"But the maiden had a strong will of her own and would not deign to look with the eyes of approval upon the many sons of kings who thronged her father's court, vying for her hand, considering them all as so much grass or fallen dried-up leaves on account of their lack of manly virtues: they having been brought up in the lap of luxury and used to soft living only, thus being quite unworthy of becoming the Lord and Master of the wilful beauty.
"And so she insisted that a great trial should be held; a festival of all that's fine and manly, and then she would reward him whom she considered most worthy and throw around his neck the garland.
"And when the day arrived there was such a meeting of mighty men as had never been seen before.
"And when she beheld that sturdy, puissant multitude she spoke and said that whoever should be able to bend the bow she had in her possession and speed the arrow into the heart of a huge and distant tree, so that it would pierce it from bark to bark, should receive his reward.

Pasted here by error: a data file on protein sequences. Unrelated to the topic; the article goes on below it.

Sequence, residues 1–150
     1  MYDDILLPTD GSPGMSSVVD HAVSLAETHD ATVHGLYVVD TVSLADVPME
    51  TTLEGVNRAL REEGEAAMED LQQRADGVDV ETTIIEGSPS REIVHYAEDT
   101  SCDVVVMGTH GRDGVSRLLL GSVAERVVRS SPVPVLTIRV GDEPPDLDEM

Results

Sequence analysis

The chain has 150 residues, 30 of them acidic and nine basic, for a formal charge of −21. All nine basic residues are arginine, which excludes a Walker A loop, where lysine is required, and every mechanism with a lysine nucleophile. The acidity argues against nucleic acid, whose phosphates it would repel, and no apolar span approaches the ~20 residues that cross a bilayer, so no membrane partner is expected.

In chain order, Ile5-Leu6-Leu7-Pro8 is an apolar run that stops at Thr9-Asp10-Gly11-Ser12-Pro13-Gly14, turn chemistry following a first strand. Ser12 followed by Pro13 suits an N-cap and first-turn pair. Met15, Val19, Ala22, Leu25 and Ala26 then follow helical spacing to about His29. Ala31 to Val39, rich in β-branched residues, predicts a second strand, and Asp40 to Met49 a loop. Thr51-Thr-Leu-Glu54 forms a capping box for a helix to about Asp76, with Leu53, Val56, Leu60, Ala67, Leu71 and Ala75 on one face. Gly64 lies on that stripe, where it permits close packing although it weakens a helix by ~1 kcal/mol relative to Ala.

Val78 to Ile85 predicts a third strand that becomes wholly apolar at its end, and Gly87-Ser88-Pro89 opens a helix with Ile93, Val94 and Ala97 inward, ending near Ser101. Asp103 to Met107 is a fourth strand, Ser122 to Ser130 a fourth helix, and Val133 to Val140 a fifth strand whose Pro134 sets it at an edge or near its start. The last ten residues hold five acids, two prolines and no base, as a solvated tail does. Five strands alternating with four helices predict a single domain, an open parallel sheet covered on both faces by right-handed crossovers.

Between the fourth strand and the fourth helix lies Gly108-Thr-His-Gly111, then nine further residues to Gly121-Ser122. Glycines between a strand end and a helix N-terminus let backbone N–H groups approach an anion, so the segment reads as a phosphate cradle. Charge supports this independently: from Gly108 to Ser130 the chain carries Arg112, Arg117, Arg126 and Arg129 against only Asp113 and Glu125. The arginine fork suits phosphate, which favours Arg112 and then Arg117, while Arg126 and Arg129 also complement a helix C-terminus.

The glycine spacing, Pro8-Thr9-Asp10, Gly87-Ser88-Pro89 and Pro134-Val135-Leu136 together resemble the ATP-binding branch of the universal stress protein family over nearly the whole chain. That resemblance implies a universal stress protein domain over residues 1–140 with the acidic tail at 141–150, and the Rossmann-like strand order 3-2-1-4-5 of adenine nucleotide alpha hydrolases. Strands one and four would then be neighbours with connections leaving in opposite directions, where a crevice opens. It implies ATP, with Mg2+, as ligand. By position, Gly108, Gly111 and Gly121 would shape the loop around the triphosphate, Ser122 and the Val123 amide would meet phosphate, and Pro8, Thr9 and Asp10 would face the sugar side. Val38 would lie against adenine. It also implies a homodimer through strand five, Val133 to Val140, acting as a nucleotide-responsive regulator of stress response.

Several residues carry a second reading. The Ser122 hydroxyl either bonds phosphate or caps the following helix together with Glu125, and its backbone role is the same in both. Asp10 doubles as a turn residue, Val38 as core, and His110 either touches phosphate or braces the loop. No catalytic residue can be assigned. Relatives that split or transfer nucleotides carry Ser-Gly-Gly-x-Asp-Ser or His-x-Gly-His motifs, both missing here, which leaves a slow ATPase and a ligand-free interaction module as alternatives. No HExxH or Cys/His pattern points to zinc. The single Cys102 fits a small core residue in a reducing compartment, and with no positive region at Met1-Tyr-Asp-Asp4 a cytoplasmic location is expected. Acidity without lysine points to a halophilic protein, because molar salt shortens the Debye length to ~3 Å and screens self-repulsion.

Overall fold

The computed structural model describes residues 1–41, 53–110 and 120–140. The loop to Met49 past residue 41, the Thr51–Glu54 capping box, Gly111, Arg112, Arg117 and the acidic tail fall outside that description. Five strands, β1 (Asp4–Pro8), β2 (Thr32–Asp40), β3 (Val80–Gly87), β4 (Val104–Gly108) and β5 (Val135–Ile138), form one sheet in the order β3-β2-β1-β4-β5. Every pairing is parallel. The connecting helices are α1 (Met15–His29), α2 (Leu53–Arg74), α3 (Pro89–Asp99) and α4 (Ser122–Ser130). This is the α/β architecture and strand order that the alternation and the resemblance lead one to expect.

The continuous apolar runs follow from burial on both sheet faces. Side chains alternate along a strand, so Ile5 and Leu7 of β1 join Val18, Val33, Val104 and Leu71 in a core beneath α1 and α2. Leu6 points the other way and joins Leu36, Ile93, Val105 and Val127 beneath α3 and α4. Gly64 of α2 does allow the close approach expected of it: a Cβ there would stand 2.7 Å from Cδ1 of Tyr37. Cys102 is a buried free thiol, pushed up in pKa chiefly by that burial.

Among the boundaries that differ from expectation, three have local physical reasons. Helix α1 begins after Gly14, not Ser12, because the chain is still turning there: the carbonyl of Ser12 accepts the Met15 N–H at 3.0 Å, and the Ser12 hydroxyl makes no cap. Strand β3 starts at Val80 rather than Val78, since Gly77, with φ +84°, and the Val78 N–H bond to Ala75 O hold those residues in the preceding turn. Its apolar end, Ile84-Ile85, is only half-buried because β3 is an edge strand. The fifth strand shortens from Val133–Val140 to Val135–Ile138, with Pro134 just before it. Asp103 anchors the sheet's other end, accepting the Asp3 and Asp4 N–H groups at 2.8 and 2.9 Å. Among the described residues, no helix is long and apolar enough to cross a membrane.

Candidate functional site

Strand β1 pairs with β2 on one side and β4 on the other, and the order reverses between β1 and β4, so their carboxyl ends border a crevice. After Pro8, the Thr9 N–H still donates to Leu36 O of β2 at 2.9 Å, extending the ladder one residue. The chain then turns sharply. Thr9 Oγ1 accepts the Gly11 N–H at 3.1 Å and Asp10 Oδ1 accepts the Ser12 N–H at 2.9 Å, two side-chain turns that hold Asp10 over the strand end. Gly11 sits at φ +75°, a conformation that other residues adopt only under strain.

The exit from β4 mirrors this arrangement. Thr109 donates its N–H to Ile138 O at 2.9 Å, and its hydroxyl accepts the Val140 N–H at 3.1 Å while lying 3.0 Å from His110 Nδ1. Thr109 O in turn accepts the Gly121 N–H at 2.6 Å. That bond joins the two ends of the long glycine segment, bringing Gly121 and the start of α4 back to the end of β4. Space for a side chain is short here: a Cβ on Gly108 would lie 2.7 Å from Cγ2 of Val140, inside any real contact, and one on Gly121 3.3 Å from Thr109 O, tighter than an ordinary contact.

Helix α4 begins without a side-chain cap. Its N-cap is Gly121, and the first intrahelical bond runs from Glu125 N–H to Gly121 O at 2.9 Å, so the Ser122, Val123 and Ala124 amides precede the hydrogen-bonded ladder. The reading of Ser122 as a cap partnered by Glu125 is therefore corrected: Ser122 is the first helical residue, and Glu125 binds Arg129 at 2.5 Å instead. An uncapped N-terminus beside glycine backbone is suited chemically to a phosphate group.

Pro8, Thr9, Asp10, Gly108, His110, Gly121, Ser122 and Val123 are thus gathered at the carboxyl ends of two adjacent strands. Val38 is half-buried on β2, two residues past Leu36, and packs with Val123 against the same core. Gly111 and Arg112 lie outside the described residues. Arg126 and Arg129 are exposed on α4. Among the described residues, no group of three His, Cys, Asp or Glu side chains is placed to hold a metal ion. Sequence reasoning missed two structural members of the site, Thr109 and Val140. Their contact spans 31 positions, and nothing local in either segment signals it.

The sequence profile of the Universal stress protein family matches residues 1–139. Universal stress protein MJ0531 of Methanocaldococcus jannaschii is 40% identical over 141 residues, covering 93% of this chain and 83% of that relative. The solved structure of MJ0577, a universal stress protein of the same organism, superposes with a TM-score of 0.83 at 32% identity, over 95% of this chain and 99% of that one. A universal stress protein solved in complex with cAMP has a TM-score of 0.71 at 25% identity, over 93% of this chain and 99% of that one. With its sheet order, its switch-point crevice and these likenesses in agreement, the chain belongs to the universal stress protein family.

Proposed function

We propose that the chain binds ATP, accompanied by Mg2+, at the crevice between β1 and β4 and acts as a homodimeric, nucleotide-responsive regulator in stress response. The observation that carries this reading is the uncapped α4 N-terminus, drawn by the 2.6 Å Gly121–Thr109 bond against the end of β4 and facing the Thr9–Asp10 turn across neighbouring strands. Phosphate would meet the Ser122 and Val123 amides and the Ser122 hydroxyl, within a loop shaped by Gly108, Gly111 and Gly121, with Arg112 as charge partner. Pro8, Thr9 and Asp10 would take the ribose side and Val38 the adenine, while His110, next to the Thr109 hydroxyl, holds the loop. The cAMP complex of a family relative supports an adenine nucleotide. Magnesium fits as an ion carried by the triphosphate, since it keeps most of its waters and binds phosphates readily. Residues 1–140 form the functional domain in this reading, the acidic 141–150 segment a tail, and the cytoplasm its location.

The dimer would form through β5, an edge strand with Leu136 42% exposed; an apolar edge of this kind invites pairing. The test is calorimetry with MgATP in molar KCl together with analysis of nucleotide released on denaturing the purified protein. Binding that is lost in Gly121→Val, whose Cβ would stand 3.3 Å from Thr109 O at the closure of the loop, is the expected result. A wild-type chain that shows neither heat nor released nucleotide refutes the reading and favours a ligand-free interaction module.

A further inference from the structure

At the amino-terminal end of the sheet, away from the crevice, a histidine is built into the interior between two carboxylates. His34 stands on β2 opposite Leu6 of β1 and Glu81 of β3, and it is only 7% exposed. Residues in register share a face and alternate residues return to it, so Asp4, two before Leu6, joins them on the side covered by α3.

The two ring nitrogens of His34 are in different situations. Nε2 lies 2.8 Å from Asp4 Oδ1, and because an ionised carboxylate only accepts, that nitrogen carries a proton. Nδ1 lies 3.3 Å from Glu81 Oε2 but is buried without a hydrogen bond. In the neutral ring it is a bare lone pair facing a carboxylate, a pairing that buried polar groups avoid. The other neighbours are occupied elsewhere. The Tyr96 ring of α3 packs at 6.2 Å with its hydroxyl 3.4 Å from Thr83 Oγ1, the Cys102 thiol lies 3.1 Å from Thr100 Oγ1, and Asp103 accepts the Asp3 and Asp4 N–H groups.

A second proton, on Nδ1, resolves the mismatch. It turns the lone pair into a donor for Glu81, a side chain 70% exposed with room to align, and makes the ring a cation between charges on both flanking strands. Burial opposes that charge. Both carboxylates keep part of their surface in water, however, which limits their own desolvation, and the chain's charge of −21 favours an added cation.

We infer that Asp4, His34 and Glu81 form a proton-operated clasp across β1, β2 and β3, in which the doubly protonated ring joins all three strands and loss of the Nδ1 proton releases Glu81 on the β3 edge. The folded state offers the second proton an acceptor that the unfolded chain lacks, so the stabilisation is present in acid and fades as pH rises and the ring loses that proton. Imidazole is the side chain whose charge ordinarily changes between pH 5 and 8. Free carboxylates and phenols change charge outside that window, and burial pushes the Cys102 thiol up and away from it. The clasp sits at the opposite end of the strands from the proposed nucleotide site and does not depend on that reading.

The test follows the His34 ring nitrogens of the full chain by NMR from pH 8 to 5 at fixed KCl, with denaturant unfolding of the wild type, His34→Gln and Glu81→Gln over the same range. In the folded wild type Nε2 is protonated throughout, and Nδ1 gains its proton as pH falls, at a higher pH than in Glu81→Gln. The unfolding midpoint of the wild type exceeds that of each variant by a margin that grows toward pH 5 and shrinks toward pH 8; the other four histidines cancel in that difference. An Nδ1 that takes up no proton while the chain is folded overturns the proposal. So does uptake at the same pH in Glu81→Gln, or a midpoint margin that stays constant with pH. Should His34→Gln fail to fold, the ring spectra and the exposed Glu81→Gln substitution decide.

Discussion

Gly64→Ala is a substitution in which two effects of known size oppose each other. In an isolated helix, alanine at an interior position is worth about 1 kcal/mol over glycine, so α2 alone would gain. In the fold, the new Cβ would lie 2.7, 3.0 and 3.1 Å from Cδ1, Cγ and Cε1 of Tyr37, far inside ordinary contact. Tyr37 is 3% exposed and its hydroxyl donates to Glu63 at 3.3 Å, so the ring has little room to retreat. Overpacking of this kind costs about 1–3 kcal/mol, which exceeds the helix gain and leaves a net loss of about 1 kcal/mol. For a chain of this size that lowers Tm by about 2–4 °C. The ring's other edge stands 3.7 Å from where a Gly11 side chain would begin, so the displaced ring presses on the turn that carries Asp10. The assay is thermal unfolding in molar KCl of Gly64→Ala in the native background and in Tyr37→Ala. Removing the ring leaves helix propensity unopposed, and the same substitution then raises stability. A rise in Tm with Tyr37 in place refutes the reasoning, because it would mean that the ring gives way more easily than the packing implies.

"And when I saw her in all her splendour I was wounded in the heart by the silent shaft of the flower-arrowed god of love.
"And first of all the princelings tried that great bow, but they failed, and the arrows fell feebly down but a few feet away from where they stood.
"And great was their anger in the humiliation of their princely pride, but the maiden only smiled and urged the famous archers to try in turn.
"But although some could bend the bow to half its depth and speed the arrow near its mark, none could even reach the tree, and all threw down the weapon and exclaimed: 'This is not a fair test, and the maiden is making sport of us and holding us up to ridicule in the eyes of the world, for only a mighty god could stretch that bow to the full, and then he might fail to pierce the tree!'